Tim Owens, Wrightsville Beach town manager, said that high tide can come almost right up to the town's dunes, making it hard for people to enjoy the beach for parts of the day (Photo by Madeline Gray)
After a year of delay, it looks like Wrightsville Beach could finally get the sand it desperately needs.
The U.S. Army Corps of Engineers Wilmington District recently announced that it will use Masonboro Inlet as the source of sand to renourish the beach.
The Corps came to the conclusion, "based upon a case-by-case analysis of the conditions at Wrightsville Beach, to exercise Coastal Barrier Resources Act emergency exception 5(a)(3) and utilize the Masonboro Inlet/Banks Channel borrow source instead of an offshore borrow source for the upcoming emergency repair (renourishment). For this reason, the Corps does not plan to finalize the Environmental Assessment for the Wrightsville Beach Coastal Storm Risk Management Emergency Repair – Evaluation of Borrow Area Alternatives, New Hanover County, North Carolina," according to a news release.
The release stated that the contract for the upcoming periodic nourishment will be solicited this summer, with construction occurring in the environmental window starting Nov. 16 and ending March 31.
"Since Masonboro Inlet has been the historic borrow source for the project, the necessary environmental clearances are currently in place. The Corps will conduct all construction activities in accordance with the Final Integrated Validation Report and Environmental Assessment dated November 27, 2019, and will coordinate with applicable resource agencies throughout the project, as we always do," officials said in the release.
Renourishing Wrightsville Beach, as is the case in other area beach towns grappling with the same issue, isn’t just a matter of aesthetics. That stretch of sand is an infrastructure that serves as the primary defense for coastal homes and businesses against storm damage. It also attracts thousands of tourists every year who pump millions of dollars into the local economy.
“People renting houses on the beach, buying meals at restaurants and sunscreen at Walmart are all things that add to our economy,” said Natalie English, president and CEO of the Wilmington Chamber of Commerce. “We have the benefit of people coming in and spending in our community.”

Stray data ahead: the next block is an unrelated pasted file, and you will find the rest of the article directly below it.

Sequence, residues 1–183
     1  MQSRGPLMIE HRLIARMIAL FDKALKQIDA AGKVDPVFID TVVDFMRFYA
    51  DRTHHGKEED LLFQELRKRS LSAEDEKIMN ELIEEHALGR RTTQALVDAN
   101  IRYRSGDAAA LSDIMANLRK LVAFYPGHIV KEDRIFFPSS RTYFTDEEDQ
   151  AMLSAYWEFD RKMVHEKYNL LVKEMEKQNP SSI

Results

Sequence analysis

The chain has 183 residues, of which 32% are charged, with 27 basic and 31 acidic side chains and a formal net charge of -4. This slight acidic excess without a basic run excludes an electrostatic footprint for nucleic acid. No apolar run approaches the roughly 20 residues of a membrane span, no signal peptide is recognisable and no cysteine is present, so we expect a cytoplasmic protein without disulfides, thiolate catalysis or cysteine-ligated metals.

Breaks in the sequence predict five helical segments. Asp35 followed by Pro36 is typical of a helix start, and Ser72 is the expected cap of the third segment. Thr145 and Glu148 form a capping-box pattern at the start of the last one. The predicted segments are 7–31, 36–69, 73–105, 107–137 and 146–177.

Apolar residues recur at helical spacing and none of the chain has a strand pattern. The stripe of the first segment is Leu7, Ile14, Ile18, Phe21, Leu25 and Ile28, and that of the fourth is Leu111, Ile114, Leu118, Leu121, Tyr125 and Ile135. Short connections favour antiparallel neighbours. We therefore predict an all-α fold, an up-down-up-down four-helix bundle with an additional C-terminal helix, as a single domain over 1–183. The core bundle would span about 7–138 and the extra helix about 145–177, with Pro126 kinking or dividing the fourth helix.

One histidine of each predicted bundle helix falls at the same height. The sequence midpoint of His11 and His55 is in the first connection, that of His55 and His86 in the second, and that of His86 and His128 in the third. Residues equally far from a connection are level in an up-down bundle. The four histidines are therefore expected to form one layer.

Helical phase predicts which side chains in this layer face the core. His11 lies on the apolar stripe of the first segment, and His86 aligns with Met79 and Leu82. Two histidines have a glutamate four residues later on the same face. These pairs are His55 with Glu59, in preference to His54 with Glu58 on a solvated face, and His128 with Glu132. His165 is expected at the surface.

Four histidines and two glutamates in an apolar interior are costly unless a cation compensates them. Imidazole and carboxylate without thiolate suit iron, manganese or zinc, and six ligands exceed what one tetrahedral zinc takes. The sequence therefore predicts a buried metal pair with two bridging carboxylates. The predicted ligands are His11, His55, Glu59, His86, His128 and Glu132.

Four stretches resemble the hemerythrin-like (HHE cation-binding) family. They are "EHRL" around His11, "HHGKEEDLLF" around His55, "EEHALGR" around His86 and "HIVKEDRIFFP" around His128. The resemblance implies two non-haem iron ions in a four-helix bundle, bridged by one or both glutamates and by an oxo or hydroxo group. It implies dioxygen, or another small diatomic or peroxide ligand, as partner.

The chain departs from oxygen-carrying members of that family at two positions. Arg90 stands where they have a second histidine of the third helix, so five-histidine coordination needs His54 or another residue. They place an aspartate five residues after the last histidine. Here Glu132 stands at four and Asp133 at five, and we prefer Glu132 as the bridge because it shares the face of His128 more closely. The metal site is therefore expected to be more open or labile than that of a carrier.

The Wilmington Beaches Convention and Visitors Bureau reports that “travel-generated state and local tax revenues save each New Hanover County tax resident an estimated $319.23 each year.”
Keeping Wrightsville Beach in prime condition is essential, but now the beach is in bad shape.
“It’s in the worst condition in 10 years,” said Tim Owens, Wrightsville Beach’s town manager. “The dune system is eroded away, and we have erosion escarpment, which is within 90 feet of the foundations of beach homes in the central part of town. The condition of the beach is as bad as I’ve ever seen.”
Owens adds that the longer the area goes without renourishing the beach, the more susceptible homes are to damage.
Although the beach is in far from optimal shape, tourism hasn’t been impacted so far this year, and Owens expects that will be the case throughout the season. He said the town is already taking steps to ensure beachgoers’ safety. For example, the town has made adaptations for the beach’s emergency services. It is using smaller vehicles to navigate those places normal-sized emergency vehicles have trouble traversing. The town has also moved lifeguard stands to better spots.
“We continue to provide a high level of service, even though the beach’s current condition has made it more difficult,” Owens said.
Also, during the renourishment process, the Corps will block off any parts of the beach that are dangerous – something the town has done during previous beach replenishment projects and that has “a temporary impact in temporary locations,” according to Owens.
Even so, the beach’s current state could have ramifications next year and beyond. Vacationers who have a less-than-ideal experience this summer may have second thoughts about returning to Wrightsville Beach for their summer fun.
“If you are renting a cottage on Wrightsville Beach, and there is water lapping at the base of the dune at high tide, you may not leave but you won’t be happy,” said Layton Bledsoe, New Hanover County’s shore protection coordinator. “But it will affect your decision for next year if you find no maintenance has been done.”